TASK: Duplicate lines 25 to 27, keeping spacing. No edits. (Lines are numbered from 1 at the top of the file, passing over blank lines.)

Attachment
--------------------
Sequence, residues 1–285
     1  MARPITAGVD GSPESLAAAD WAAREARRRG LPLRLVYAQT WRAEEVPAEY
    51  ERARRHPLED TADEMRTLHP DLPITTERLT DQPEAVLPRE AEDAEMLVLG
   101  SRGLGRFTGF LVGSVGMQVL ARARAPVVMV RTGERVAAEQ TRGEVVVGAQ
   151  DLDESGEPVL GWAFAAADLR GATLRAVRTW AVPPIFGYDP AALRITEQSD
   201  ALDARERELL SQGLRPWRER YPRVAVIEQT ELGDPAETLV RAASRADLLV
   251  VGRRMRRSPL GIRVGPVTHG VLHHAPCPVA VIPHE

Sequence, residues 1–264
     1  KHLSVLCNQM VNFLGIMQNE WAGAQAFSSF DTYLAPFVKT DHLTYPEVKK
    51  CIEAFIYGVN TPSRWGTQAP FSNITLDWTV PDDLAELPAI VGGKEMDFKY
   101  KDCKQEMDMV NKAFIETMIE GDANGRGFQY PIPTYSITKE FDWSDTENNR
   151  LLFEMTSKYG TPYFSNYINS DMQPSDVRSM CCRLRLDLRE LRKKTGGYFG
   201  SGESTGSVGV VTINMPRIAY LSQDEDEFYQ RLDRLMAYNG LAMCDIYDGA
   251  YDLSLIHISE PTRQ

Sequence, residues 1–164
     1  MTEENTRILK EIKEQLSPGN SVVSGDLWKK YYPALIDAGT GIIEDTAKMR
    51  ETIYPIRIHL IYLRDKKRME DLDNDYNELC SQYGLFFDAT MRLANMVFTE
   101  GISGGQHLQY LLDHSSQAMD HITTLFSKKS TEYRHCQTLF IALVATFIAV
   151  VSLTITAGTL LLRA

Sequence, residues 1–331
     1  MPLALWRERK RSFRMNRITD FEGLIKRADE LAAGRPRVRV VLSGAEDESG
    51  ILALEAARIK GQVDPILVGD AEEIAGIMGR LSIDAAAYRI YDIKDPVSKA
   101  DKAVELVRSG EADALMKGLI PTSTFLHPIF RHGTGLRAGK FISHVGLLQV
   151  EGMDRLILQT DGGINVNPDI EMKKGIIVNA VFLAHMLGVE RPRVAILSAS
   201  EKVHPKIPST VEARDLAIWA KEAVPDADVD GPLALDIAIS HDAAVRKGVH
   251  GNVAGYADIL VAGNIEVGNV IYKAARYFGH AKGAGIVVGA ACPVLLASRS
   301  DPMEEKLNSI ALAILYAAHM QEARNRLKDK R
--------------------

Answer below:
   201  EKVHPKIPST VEARDLAIWA KEAVPDADVD GPLALDIAIS HDAAVRKGVH
   251  GNVAGYADIL VAGNIEVGNV IYKAARYFGH AKGAGIVVGA ACPVLLASRS
   301  DPMEEKLNSI ALAILYAAHM QEARNRLKDK R